Already plaintiffs law firms throughout California are lining-up to file putative class action lawsuits against retailers located in, or selling to customers located in, California.  Every retail business which makes sales to customers located in California and accepts credit cards as payment for those transactions could be a potential target for such as suit if they have ever asked for or required any part of a cardholder PII in connection with such transactions.

    Although the Supreme Court’s holding in Pineda v. Williams-Sonoma is broad, it is not necessarily true that every business which collects a cardholder’s address, ZIP code, or other PII in connection with a credit card transaction is in violation of California Civil Code § 1747.08.  For example, there are other laws in place in California which, in certain circumstances, actually mandate that merchants (typically, but not always, online merchants) collect a customer’s name, address, telephone number, and/or other PII in connection with transactions that often involve credit cards.  There are also circumstances where merchants might collect PII from their customers separate and apart from completing a credit card transaction, even though the merchants’ business with those customers may also involve credit card transactions.  Such practices, in and of themselves, should not trigger a violation of § 1747.08.  In addition, when a cardholder’s PII is collected in order to allow the merchant to fulfill an intended part of the transaction (e.g. shipping goods to the customer’s address), Civil Code § 1747.08(c)(4) specifically permits a merchant to collect PII which is needed for that purpose.  Likewise, Civil Code § 1747.08(c)(3) specifically permits the collection of PII in connection with a credit card transaction when the merchant is contractually required to collect such PII to complete the transaction.  Thus, for example, if an online merchants is required by their agreement with their acquiring bank and/or under the rules of the applicable credit card association to collect and record a cardholder’s ZIP code or other PII in order to obtain an authorization for or payment for a transaction (such as for so called “AVS” services), such practices should be permissible under § 1747.08 so long as the information which is collected from the cardholder is limited to that information which is required for that purpose.  Civil Code § 1747.08(e) also provides that a merchant can avoid the civil penalties imposed under the statute if the merchant can show, by a preponderance of evidence, that the violation was not intentional and resulted from a bona fide error made notwithstanding the merchant’s maintenance of procedures reasonably adopted to avoid that error.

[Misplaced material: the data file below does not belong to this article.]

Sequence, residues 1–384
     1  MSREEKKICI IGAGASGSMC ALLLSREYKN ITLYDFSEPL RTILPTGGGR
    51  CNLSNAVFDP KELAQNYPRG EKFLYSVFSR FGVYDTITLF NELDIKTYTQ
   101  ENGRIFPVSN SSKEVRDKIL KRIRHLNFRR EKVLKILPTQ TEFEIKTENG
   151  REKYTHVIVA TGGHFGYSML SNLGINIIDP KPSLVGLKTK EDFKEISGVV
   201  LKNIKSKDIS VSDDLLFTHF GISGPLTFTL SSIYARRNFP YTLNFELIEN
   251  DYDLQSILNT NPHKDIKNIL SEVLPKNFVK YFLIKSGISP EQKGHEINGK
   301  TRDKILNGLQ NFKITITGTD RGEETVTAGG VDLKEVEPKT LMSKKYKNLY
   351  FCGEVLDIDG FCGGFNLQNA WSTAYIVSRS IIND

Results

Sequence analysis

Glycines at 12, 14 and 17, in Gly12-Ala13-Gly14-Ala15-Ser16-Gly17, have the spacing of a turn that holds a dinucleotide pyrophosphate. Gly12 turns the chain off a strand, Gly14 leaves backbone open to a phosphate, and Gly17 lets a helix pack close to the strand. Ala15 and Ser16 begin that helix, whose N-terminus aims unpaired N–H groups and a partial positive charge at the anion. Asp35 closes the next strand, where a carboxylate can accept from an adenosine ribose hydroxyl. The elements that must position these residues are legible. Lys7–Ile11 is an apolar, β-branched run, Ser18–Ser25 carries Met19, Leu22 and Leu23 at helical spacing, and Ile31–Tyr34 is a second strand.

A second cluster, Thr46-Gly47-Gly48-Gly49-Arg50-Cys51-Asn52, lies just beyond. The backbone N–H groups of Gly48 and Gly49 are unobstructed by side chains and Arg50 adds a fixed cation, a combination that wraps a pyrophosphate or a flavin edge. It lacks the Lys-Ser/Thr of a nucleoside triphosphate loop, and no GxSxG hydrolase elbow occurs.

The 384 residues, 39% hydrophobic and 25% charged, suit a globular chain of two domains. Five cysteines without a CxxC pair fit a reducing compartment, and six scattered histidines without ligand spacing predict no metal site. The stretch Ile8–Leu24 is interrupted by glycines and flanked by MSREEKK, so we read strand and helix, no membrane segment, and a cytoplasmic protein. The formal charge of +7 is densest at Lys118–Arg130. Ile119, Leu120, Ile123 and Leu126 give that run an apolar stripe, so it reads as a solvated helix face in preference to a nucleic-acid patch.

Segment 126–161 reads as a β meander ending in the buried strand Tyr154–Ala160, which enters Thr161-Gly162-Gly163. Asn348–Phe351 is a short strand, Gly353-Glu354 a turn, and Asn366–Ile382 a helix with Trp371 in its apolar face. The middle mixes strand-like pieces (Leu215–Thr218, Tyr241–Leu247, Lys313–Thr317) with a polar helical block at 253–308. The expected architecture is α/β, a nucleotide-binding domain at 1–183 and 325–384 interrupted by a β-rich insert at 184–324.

In light of the broad holding in Pineda v. Williams-Sonoma, every merchant which is located in California or does business with customers in California and accepts credit cards as part of those transactions should carefully review their practices related to the collection and recording of PII from credit card customers in connection with those transactions.  If the merchant finds that its practices involve the collection of PII which is not necessary or required for the completion of the transaction, or if the practices involve collecting more of the cardholder’s PII than is necessary or required for the completion of the transaction, the merchant should amend those practices immediately to bring them in compliance with the requirements of Civil Code § 1747.08.  If the merchant faces or is threatened with litigation alleging a violation of Civil Code § 1747.08, they should consult with knowledgeable counsel as quickly as possible to assess the merits of and potential defenses to such claims.